featherstone – landscape as a verb

‘As W.J.T Mitchell suggested, we might think instead of landscape not as a noun, but a verb.

I like this, to think of landscape in an active, relational sense, as the result of an over-layering of ways of life and forms of habitation resulting in endlessly shifting, not fixed identities of place.

This way of thinking about landscape encourages more of an affinity with disciplines of human and cultural geography, of archaeology and social anthropology.

And so in this way this particular northern Borders cultural landscape might be thought of as a palimpsest or an archive of traces and deposits of representation, engagements and interactions, all of which produce – or perform – a particular sense of place. A borderland place.’

A quote from a talk given by Ysanne Holt, recorded in RECREATION a blog describing a creative retreat at Featherstone Castle.

The image is a print by William J Miller after a painting by  Edward Swinburne.

John Wilson Carmichael

Pictures of Tyneside or Life and Scenery on the River Tyne circa 1830.


I found a book of engravings in the library, republished in 1969, from original prints with an edited description of an original folio of engravings by Lambert and Collard from drawings by the artist J.W.Carmichael, a North East marine painter.

I was attracted by the simplicity of the narrative created by 33 engravings starting high up the river and depicting a scenery, the everyday life and the changing river.  This again returns to my fascination with the notion of series, with each element independent as a visual image, but linked together as book or folio, to describe something in multiple viewpoint. Even the individual images must be composites – the engraver working from an artist’s sketches and more importantly a framed composition that places figures, animals, boats into a foreground that is episodic, isolating the action.  I was immediately tempted to go and stand in the places and see this narrative in place – my first expedition to Aydon Castle is recorded here  – this confirmed the impossibility of the views created by Carmichael in terms of one position recordings of a place or a single view.



(Noting the connection to Carmichael’s finished painting of ‘The Lord Mayor’s barge’ in the Laing Art Gallery)

Any photographic re-staging or transposition of these engravings or paintings  would need to be one of photomontage. This way of looking and recording was easily interpreted by viewers in 1830 – why show just the Tyne in a single moment when you can show various incidents of the life of the Tyne riverside as well. This explains the continuing interest in the work of historical marine and landscape painters like Carmichael – they don’t just show what things used to look like, they invite viewers into a nostalgia of activity, revelling in what people did and comparing it with what people do now, all set against a backdrop of theatrical scenery.  It is important to note the distance put between the viewer and the people depicted, they are actors, and are small in scale, observed as if in passing, dwarfed by the relative importance of the scenic stages that Carmichael creates. We are not invited in to really find out about the realty of these lives.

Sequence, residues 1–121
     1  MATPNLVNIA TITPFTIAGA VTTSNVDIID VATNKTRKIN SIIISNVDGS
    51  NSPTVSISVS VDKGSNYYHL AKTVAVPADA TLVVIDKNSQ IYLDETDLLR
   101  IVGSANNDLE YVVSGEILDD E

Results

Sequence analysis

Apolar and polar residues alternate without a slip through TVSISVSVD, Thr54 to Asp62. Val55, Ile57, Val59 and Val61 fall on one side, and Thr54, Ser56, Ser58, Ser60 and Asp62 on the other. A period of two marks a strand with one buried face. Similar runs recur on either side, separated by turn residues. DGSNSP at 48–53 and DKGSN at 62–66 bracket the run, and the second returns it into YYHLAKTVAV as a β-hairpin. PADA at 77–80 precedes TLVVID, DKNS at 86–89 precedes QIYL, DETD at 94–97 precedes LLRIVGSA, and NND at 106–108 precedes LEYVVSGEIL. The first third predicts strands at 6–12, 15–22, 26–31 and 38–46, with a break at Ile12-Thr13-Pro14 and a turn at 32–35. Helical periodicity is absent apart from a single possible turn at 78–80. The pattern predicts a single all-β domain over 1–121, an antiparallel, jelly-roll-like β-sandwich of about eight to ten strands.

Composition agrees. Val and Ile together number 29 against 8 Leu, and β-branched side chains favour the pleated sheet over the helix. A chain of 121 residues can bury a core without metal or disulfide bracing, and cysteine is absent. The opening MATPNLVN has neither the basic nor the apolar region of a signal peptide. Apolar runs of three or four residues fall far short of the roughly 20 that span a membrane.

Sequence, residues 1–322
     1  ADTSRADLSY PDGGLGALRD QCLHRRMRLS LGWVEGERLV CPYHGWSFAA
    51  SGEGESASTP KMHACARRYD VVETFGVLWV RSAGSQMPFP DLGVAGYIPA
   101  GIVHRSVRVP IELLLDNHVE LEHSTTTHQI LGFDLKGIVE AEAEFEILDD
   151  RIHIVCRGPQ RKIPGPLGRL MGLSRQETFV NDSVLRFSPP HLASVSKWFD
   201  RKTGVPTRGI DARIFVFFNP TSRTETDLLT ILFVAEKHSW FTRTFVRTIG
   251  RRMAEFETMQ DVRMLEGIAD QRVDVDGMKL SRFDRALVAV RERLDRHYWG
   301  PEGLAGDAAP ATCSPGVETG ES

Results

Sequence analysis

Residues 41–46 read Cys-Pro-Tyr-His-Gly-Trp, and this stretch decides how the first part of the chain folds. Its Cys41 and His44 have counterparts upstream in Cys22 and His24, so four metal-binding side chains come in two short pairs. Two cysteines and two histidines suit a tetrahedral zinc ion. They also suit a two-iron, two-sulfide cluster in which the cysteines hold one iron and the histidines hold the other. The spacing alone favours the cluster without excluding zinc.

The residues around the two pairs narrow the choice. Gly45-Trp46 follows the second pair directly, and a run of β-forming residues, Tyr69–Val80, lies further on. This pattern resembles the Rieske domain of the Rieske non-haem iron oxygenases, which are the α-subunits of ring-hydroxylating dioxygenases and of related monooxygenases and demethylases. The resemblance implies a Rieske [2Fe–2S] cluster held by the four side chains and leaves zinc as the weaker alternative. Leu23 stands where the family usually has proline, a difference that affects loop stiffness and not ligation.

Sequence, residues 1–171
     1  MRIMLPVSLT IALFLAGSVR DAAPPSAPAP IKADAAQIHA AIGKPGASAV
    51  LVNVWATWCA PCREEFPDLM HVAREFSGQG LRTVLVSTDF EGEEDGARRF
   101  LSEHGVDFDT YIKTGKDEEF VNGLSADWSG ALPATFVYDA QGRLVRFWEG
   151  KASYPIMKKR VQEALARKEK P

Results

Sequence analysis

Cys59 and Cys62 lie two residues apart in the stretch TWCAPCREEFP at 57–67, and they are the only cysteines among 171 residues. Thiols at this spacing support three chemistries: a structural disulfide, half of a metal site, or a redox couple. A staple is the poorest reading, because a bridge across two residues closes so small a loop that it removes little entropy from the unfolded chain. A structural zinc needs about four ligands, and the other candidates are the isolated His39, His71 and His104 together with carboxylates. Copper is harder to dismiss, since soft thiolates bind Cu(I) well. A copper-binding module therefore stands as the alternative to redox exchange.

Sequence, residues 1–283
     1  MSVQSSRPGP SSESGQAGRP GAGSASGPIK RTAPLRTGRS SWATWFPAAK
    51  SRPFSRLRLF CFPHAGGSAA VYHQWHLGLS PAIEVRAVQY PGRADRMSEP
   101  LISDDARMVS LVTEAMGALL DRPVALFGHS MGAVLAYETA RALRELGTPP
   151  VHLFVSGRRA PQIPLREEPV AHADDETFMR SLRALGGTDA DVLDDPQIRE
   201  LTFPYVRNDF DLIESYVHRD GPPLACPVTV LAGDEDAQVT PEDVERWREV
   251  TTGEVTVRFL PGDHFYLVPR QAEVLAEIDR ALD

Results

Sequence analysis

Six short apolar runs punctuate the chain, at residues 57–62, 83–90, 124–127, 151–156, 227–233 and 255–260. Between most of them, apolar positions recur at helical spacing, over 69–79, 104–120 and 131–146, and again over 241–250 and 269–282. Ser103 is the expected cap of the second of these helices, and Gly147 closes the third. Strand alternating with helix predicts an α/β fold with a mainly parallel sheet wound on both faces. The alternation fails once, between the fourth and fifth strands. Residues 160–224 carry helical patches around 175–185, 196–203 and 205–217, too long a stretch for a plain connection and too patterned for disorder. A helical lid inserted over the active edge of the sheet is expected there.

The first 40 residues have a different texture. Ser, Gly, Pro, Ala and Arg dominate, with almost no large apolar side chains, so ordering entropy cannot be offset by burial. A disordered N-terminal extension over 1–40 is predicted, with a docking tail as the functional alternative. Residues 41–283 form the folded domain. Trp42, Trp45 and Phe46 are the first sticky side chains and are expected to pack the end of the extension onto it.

this final one particularly intriguing………who is the reluctant boy sat on the bridge:

This book  is described in a local history blog with full scans from the published book here, recording all the scenes down the river Tyne.


an oil sketch by Carmichael – a view back towards North and South Shields from the river mouth – showing a kind of impossible distance emphasising the slow transportation and connection of the time. The tiny figures are like rocks or points of light to show scale.

Middlebrook, S (ed) (1969), Pictures of Tyneside or Life and Scenery on the River Tyne circa 1830. Newcastle upon Tyne: Oriel Press Limited.

Aydon Castle (J.W.Carmichael)

In the footsteps of J.W. Carmichael and the engravings made from his drawings, in this case the Cor burn with the dominant Aydon castle in the background.  This exact view was not surprisingly hard to find on the ground. The work could be created at some difficulty from a view above the castle where it was almost possible to see the castle through the trees, but the reality was that the engraving undoubtedly shows the crossing just below the castle – and a view similar to the one depicted cannot show the castle in the distance in this way.  So a composite, then.




Flood pumps 2015

I found a lost film from december 2015 – showing the flood pumps working the river back into its banks from the flooded fields.  The pumps ran for a number of weeks to clear the backlog that would not drain away

My beautiful picture
flood pumps pushing water back over the flood defences


My beautiful picture
The flood debris jammed against trees

Tyne Pilot

I found these old slides in the Northumbria Library – apparently part of an audio visual presentation to go with a voice over – describing the work of the Tyne river pilots.

My beautiful picture
Title Slide

Not sure if they are nostalgia or something finer.  The following in sepia tone show the river from a boat.

My beautiful picture

more in black and white:

My beautiful picture


My beautiful picture